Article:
• Collapsible sections

  • Jupyter extensions and themes.

  • Markdown with Latex (Latex is also possible with Mathematica but I still prefer Markdown Latex)

  • When the command is followed by //TeXForm the Latex output is automatically rendered in Jupyter. This leads to beautiful output especially when compared to the default output which is rendered as a picture with a white background.

1

examples

Using $PrePrint one can consider a function that checks the head of the output and decides whether the output should be rendered in Latex, Image, or plain input text for copying.

  • code indentation

  • less front end freezes than with the mathematica notebook ?

Cons

  • Possibly the biggest concern: As mentioned in Szabolc's answer, interrupting a cell leads to stopping the kernel and so one has to restart everything if a code cell takes too long. Use a=1;Pause[10];0 then interrupt the kernel and then check that a is no longer defined. Maybe this could be partly solved using DumpSave (maybe Save is better) and $NewSymbol by saving all new symbols in a temporary file (maybe in $TemporaryDirectory) so that it is not saved forever (which could use a lot of memory on your hard drive). Other than using the DumpSave method, calling the wolfram kernel from python one could save some of the simpler variables in python like numbers and lists. For more complicated structures see this question or this question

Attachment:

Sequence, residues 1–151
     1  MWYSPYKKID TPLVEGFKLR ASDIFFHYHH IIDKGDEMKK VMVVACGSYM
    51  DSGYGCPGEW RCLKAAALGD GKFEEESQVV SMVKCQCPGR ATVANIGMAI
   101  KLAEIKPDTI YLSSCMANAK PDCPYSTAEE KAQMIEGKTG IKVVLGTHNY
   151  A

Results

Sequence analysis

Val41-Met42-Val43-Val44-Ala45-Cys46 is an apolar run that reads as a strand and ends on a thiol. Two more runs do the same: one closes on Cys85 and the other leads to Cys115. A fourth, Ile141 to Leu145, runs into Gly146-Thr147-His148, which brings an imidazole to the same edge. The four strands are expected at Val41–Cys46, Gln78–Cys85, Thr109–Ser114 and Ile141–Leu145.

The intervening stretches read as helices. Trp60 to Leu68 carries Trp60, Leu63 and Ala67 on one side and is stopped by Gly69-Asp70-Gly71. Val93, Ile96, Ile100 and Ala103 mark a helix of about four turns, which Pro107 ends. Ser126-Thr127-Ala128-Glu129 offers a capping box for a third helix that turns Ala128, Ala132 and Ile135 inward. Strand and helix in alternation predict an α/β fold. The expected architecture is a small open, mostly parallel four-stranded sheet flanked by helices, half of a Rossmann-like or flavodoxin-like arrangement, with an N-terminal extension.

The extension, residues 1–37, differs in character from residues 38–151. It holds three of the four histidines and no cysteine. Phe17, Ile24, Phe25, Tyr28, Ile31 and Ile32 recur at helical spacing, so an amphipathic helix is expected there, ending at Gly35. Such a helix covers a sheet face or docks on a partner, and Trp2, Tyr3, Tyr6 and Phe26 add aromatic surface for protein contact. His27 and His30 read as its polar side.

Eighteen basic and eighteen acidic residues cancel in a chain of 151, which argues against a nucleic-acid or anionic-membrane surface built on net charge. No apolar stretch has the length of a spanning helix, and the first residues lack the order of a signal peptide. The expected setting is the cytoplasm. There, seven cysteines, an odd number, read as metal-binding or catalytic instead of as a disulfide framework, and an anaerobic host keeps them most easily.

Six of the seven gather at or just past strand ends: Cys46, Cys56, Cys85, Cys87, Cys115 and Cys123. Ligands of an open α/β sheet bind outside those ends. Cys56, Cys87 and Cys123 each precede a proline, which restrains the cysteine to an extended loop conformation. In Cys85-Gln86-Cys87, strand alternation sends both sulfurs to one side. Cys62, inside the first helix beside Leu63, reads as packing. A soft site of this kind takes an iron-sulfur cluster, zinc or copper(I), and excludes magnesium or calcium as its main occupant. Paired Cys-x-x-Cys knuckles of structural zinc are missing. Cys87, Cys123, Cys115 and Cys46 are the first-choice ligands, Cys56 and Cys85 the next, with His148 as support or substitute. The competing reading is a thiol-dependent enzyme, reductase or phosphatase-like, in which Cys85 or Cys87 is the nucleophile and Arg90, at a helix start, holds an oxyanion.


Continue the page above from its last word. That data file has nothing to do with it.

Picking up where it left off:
• No auto-completion or suggestions when writing system defined functions (although see Wolfram Engine + Jupyter $\stackrel{?}{=}$ Mathematica for what might be a fix but I did not test it and do not know if it autocompletes system functions)

  • No documentation on functions when hovering over a function

  • In mathematica one can check the precedence of a symbol using Ctrl+. as it highlights how Mathematica will evaluate the input. This is not possible with Jupyter

  • No Input cells that automatically continue a code line to the line below when it is too long.

  • "Undo" (Ctrl+Z) does not work well for me when I use jupyter notebooks with a python kernel. Perhaps that is also true with the wolfram kernel. In python this was less of a problem in JupyterLab and maybe that is also true for the vscode option below.

  • No 3d image rotation although see this answer for how to use the wolfram cloud to do that within a Jupyter notebook.

  • No 2d input

  • No tooltip descriptions when hovering over plots

  • Using the $PrePrint method before, one can include an option to show the input form if the head is InputForm or a custom wrapper. However, in a large expression it might be irritating find the sub-expression desired when we are more familiar with the TeXForm.

  • No hiding Input cells to show only the output